Magazine article Talent Development

Richard Culatta: Chief Innovation Officer, State of Rhode Island Providence, Rhode Island

Magazine article Talent Development

Richard Culatta: Chief Innovation Officer, State of Rhode Island Providence, Rhode Island

Article excerpt

Richard Culatta is constantly looking for ways to reimagine and redesign learning experiences, as well as how to bring innovation to large organizations. Prior to becoming Rhode Island's first chief innovation officer in January 2016, Culatta served as a senior adviser to U.S. Secretary of Education Arne Duncan and director of the Office of Educational Technology. He also was an education fellow for Senator Patty Murray (D-Washington), and part of a team that helped transform learning at the CIA after 9/11.

WHY ARE YOU INTERESTED IN THE FIELD OF LEARNING?

I view learning as the most powerful tool we have to tackle the hardest problems that we deal with as a society. Whether we're talking about challenges of inequity, opportunities for innovation, or personal satisfaction with life, all of those tie immediately back to our ability to be effective learners.

TELL US A LITTLE BIT ABOUT THE WORK OF THE RHODE ISLAND OFFICE OF INNOVATION.

It's very exciting. We're essentially making Rhode Island into what I would call a lab I state for innovation-trying new approaches to tackling longstanding challenges. Examples range from making college more affordable by using open-licensed educational materials instead of copyrighted textbooks, to using technology to personalize learning, to rethinking how to create a culture of creative problem solving in government.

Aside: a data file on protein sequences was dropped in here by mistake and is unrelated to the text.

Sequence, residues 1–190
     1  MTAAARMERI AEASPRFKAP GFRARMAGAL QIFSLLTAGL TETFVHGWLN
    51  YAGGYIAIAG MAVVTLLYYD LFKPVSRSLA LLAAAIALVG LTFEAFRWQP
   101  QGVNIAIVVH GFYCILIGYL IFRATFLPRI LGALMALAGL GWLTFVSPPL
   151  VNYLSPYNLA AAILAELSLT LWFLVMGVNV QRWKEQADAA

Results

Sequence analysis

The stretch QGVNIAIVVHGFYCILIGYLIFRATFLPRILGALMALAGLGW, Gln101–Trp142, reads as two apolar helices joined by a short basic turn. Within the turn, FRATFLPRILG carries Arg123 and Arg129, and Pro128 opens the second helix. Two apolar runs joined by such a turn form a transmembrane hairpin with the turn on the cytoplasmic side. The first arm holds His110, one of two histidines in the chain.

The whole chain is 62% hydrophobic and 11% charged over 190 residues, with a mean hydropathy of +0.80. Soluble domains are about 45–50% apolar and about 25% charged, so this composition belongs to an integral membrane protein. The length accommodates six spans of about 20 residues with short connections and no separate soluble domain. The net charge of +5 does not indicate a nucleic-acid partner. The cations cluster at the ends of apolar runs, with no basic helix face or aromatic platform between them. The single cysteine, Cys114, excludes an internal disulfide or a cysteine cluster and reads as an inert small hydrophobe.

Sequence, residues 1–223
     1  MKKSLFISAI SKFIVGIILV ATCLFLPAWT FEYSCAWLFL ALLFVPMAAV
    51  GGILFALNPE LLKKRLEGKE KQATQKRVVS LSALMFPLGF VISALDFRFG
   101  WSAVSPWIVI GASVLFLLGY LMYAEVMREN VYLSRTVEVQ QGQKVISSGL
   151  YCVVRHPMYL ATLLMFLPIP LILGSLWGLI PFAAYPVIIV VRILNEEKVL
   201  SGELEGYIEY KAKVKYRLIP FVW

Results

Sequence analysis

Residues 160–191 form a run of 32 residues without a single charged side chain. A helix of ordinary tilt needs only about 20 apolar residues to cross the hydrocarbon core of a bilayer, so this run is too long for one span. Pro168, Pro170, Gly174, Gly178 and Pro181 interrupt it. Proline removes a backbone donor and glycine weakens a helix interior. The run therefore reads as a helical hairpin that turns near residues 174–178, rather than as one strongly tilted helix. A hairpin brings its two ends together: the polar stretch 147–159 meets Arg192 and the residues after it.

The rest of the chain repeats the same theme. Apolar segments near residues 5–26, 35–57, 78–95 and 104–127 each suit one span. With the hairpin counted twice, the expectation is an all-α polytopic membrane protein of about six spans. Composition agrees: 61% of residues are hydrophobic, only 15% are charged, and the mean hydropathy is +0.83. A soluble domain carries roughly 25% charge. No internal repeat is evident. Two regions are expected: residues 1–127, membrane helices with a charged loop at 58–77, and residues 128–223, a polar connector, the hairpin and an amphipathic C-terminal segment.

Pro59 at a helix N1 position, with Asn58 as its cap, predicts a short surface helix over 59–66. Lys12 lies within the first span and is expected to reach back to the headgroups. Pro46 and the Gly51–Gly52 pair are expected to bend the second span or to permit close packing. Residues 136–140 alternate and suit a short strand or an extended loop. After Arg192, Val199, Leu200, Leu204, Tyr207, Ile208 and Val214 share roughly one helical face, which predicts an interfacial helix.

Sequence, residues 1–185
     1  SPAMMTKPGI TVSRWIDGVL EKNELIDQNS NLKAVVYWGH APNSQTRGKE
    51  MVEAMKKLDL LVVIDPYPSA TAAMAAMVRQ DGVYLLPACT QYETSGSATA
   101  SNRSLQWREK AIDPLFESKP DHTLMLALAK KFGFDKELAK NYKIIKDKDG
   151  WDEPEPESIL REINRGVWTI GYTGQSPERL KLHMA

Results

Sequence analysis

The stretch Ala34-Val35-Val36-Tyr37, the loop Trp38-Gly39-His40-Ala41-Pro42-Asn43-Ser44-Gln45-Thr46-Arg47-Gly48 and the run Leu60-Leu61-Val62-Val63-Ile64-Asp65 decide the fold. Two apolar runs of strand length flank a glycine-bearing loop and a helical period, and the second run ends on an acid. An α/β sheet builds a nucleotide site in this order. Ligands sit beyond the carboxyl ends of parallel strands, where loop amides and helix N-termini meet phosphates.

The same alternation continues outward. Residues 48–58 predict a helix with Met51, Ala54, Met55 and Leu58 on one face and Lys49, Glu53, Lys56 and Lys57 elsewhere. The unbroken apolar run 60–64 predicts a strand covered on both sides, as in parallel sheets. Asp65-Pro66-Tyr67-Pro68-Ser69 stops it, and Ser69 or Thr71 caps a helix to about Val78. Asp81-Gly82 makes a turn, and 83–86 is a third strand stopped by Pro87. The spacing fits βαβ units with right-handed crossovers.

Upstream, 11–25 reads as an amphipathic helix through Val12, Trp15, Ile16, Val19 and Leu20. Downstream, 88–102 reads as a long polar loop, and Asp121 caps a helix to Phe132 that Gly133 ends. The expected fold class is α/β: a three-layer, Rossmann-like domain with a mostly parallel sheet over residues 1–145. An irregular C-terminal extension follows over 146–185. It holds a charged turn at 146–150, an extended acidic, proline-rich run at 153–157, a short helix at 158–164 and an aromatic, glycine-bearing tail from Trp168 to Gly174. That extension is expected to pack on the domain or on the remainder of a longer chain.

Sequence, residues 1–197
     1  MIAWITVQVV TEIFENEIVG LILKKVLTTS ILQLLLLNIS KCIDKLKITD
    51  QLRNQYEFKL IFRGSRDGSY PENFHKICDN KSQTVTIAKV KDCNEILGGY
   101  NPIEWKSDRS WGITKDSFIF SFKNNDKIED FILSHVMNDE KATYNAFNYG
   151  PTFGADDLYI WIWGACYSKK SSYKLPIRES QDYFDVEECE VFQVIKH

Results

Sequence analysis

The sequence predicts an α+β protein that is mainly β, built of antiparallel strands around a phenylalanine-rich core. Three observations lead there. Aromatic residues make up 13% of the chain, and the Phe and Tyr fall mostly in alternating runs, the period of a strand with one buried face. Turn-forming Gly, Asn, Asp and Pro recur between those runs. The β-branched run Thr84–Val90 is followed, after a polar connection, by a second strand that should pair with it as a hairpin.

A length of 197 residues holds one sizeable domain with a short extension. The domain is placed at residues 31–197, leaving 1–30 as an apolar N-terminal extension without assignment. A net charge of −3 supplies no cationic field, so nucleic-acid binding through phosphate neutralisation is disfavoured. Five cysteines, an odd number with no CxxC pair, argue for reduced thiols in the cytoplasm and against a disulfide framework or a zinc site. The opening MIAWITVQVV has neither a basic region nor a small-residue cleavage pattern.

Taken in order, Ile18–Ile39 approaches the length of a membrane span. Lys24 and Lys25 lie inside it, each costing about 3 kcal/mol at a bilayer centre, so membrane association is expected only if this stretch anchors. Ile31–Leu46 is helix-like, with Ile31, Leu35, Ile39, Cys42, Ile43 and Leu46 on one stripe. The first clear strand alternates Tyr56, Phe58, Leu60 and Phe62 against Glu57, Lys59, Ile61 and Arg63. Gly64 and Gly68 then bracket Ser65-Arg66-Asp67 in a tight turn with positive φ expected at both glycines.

We're leveraging the fact that Rhode Island is a small state, making it relatively agile compared to our larger state peers. That gives us a chance to pilot and test out new approaches quickly that can be scaled and adopted more broadly by others as we share along the way.

HOW CAN THE PUBLIC AND PRIVATE SECTORS BEST WORK TOGETHER TO TRANSFORM EDUCATION AND LEARNING IN THE UNITED STATES?

If I had to pick just one area, I would say we need to work together to develop better approaches for helping learners be in control of their own learning experiences and their own learning progression. There aren't many tools that do this today, but it's something all learning organizations need. And it's something we're beginning to pilot in Rhode Island.

I love the idea of learner autonomy, but we really don't do a good job of providing learners with the tools they need to be autonomous learners. Think about the types of tools we have in other parts of our lives. A great example is the GPS in my car. As I'm driving, it shows the destination that I say I want to go; it plots a course for me to get there. …

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